The novel takes place in 'Bouville', a town similar to Le Havre and concerns a dejected historian, who becomes convinced that inanimate objects and situations encroach on his ability to define himself, on his intellectual and spiritual freedom, evoking in the protagonist a sense of nausea.
It is one of the canonical works of existentialism. Sartre was awarded, though he ultimately declined, the Nobel Prize for literature in 1964. The Nobel Foundation recognized him "for his work which, rich in ideas and filled with the spirit of freedom and the quest for truth, has exerted a far-reaching influence on our age." Sartre was one of the few people to have declined the award, referring to it as merely a function of a bourgeois institution.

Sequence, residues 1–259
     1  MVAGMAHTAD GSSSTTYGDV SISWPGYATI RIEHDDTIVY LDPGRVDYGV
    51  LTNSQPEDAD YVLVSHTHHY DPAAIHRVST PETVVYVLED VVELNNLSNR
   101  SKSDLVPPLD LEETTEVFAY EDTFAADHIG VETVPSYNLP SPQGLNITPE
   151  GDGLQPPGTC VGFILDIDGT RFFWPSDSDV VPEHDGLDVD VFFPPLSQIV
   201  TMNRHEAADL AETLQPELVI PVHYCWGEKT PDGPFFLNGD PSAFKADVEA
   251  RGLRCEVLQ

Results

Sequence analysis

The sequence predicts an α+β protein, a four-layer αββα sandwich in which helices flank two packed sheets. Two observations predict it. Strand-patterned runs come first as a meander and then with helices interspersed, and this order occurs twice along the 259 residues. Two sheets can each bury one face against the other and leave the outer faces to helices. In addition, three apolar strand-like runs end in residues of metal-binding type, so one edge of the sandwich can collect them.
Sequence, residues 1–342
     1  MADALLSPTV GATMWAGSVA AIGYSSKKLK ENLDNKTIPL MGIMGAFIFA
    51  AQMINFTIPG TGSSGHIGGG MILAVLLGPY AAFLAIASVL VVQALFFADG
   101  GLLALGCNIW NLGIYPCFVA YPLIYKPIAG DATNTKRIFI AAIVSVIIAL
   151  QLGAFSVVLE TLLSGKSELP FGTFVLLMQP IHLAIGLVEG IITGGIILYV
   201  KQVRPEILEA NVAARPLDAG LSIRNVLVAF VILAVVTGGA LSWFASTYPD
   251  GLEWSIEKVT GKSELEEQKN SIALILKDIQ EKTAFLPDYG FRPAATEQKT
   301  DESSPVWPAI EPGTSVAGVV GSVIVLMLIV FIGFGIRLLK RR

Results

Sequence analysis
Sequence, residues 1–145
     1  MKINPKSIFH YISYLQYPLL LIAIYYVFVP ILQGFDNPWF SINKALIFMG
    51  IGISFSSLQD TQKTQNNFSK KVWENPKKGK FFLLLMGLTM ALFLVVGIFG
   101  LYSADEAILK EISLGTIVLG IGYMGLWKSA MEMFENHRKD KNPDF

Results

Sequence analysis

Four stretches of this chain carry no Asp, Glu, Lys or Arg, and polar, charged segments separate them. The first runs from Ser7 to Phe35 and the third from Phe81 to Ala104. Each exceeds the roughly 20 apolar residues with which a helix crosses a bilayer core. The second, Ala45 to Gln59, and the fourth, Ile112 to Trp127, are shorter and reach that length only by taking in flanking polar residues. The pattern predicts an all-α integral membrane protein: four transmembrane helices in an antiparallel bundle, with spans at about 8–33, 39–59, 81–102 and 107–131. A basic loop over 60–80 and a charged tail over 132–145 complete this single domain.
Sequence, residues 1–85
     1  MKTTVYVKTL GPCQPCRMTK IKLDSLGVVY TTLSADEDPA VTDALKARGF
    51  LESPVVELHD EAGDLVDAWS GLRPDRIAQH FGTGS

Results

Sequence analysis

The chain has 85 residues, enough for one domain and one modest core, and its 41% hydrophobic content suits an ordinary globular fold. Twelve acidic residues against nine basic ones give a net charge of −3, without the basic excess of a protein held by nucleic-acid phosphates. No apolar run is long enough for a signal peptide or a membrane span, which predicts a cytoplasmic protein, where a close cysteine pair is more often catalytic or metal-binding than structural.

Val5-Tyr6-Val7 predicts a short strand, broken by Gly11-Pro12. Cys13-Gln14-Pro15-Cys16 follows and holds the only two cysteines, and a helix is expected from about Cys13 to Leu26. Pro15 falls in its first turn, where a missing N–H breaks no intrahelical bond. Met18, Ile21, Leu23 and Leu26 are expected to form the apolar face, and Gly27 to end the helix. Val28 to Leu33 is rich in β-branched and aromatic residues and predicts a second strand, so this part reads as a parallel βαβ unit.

The novel has been translated into English at least twice, by Lloyd Alexander as "The Diary of Antoine Roquentin" (John Lehmann, 1949) and by Robert Baldick as "Nausea" (Penguin Books, 1965).